Even outrageous story events, such as fantasy battles or melodramatic love scenes, which we know are impossible or unlikely in reality, can still offer us the ability to symbolically create and process our own emotions. When we are angry, we often write scenes of passionate intensity. When we are stressed, we sometimes write horrifying but cathartic scenes or perhaps loving and comforting scenes.

Sometimes emotion pours out in ways that shock us, and when it does we have the opportunity to follow up and seek the root of something true and honest within ourselves that we perhaps have not fully acknowledged.

It is as if we say to the page: “Joy.” And a scene comes pouring out of us and shows a vivid dreamscape of what joy means to us. Or perhaps we simply wish to present a functional scene in which characters act out gratitude, trauma, love, or grief—and what we discover is our own sometimes stunning emotional response. We speak—and the page speaks back.

4. Logical and Creative Dialogues

I’ve always liked the idea of a dialogue between the left or logical brain and the right or creative brain. Both logic and creativity are wonderful in their unique ways, and both are intrinsic to a full realization of each other.

Of first importance is making sure neither the logical self nor the creative self is overpowering the other. Too often, the creative self is beaten down and starved by a dominant and cruel logic that criticizes every word creativity puts on the page. But creativity can also run wild, like an unruly child with no regard for the advice of its logical parent.

In order to appreciate and cultivate a relationship with both these aspects, we must make sure they respect each other enough to carry on a balanced back-and-forth conversation. This can happen moment by moment when we’re in the throes of writing—our creative minds manifesting ideas and our logical minds putting those ideas to words. But it can also be looked at as a larger dialogue in which different parts of the writing process become the domain of one half of the brain or the other.

Outlining Your Novel: Map Your Way to Success by K.M. Weiland

I consider the early conception stages—those of imagining, daydreaming, and dreamzoning—to be deeply creative, with very little logical input. Then comes the more conscious brainstorming of outlining, in which I sculpt my dreams and logically work through plot problems. This is followed by writing itself, in which creativity is again brought front and center as I dream my ideas to life on the page. And finally, logic returns to trim the ragged edges during editing.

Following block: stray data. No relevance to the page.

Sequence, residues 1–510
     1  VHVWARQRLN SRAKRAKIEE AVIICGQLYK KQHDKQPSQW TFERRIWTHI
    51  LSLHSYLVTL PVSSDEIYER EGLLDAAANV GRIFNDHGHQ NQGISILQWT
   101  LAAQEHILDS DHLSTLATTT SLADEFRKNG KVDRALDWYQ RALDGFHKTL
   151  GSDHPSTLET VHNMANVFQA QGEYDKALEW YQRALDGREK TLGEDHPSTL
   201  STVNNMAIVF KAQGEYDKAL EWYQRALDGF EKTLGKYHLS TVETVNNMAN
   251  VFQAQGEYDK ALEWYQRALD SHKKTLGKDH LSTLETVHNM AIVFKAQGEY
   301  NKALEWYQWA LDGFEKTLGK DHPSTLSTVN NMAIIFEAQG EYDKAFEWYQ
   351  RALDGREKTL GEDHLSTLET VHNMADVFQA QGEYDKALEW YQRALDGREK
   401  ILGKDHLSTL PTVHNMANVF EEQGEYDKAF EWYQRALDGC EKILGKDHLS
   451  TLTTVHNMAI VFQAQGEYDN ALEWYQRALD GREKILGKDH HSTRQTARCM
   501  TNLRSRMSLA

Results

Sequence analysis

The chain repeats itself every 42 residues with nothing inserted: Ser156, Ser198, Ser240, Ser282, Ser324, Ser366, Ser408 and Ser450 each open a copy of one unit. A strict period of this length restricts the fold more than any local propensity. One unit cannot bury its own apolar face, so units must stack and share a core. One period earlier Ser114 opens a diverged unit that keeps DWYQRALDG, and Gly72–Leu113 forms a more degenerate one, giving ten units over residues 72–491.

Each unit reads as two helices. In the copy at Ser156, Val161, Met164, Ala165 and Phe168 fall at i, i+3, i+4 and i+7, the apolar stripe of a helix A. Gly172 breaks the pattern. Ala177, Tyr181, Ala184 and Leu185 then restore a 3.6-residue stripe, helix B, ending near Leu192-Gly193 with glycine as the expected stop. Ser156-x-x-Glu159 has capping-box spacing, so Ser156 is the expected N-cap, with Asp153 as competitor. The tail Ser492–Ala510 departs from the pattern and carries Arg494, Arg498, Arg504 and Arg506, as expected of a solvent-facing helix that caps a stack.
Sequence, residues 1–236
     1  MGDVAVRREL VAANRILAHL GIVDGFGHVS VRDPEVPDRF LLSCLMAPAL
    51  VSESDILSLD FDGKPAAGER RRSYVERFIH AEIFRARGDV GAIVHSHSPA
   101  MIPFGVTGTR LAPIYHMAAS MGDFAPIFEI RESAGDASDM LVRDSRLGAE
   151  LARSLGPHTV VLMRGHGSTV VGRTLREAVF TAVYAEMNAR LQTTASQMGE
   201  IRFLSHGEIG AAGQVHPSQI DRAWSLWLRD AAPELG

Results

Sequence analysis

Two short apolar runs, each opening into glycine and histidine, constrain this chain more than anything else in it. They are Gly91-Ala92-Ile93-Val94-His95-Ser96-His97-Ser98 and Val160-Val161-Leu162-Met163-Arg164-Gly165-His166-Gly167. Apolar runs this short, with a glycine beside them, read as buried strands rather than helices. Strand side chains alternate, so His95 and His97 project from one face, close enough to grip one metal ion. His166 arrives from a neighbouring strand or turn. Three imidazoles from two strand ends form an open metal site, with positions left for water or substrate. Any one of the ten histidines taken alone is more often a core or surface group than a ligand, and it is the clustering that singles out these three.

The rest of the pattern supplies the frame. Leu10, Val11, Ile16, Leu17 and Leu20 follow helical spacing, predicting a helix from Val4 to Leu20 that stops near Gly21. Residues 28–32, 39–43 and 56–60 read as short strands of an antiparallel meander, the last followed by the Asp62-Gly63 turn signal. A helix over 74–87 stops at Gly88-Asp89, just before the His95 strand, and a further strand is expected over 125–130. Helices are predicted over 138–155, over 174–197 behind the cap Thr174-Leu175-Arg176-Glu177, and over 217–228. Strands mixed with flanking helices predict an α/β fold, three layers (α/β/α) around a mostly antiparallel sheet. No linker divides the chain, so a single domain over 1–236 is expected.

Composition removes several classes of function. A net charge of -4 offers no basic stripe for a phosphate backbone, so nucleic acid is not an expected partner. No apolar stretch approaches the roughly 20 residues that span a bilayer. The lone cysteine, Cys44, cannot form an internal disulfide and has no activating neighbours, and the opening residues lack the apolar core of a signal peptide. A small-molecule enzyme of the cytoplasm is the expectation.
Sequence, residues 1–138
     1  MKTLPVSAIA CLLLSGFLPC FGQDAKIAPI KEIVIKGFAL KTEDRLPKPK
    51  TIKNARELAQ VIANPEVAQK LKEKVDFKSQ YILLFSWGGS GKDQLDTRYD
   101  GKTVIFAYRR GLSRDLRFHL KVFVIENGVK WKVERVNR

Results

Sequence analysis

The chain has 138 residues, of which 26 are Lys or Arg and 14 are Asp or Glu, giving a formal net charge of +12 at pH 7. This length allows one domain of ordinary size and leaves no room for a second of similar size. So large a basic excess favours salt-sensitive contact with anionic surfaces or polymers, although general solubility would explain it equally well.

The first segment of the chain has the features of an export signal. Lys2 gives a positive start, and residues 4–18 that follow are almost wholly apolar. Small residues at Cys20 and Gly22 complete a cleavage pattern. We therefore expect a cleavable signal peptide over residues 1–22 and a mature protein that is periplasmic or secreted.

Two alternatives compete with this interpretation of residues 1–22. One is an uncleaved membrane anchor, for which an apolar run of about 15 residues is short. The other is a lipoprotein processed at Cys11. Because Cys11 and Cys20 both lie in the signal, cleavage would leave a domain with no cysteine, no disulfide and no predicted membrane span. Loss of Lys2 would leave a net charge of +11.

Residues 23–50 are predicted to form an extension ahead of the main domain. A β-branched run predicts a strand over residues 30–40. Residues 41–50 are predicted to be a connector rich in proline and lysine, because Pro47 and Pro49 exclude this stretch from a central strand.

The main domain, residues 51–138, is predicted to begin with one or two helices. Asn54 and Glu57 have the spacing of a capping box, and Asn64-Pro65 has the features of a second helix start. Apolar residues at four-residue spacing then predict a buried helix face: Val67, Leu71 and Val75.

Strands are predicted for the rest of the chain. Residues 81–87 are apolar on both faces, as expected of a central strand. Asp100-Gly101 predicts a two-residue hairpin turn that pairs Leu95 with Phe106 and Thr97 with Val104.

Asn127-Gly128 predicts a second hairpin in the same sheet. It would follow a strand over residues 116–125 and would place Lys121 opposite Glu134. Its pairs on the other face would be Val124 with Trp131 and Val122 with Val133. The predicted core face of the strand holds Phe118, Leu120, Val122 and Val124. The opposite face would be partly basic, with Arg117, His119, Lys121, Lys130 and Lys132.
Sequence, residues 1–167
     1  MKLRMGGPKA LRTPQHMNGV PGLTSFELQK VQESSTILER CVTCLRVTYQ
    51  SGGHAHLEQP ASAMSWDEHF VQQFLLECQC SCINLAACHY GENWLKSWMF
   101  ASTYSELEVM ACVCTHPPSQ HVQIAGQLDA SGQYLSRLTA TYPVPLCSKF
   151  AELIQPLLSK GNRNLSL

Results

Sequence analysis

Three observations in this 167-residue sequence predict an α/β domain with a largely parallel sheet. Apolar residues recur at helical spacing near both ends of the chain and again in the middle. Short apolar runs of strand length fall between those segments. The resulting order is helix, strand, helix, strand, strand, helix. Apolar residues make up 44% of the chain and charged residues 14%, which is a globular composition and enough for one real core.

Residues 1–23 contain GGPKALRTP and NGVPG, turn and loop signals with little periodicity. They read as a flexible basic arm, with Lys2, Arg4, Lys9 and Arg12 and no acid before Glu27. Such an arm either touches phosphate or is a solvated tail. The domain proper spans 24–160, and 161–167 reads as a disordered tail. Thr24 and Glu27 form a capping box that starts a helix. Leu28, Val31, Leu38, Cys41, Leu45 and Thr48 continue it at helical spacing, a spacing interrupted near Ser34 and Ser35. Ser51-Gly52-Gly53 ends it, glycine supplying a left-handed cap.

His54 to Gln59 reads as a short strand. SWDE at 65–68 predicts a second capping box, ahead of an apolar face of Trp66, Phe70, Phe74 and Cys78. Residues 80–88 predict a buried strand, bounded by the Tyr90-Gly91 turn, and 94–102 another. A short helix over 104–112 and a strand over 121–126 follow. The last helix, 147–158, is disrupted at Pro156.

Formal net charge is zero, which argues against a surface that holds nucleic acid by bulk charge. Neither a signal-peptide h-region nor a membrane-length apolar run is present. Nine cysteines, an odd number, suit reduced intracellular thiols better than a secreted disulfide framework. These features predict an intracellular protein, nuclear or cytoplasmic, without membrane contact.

Understanding how we interact with these two vital halves of personality gives us an edge in honing all parts of our writing. Likewise, in honing our writing, we are given the opportunity to shape these two opposing aspects of ourselves. Very often, one or the other is undervalued or underdeveloped. In learning to respect and appreciate both—and to give both room to properly do their jobs, while maintaining communication with one another—we can refine their presence in our larger lives.

***

In so many ways, writing is the study of the soul. Stories allow us to study the collective soul of humanity. But ourstories particularly allow us to study our own souls, to suss out their treasures, relieve their wounds, celebrate their uniqueness, and share their common features.

Wordplayers, tell me your opinions! How do you think your writing improves your relationship with yourself? Tell me in the comments!

Sherrie Miranda’s historically based, coming of age, Adventure novel “Secrets & Lies in El Salvador” is about an American girl in war-torn El Salvador: 
Her husband made a video for her novel. He wrote the song too:

Penguin Books Coming Out Soon

I obviously haven’t read these, but as an author, I like to share books.
And while we’re on that subject, what do you think about me posting short reviews of recent books I’ve read? I can easily find them on Amazon and/or Goodreads.
Let me know!
And keep your eyes open for the prequel to SLIES (see below for more info). It’s titled “Crimes & Impunity in New Orleans: Shelly’s Journey Begins.” It will be out in April.

Books Coming Soon in 2020

In whis ultimate preview guide, discover the biggest new releases coming out in the next few months! From edge-of-your-seat thrillers to swoon-worthy love stories, you’ll be the first to know when your next favorite book is hitting the bookshelves.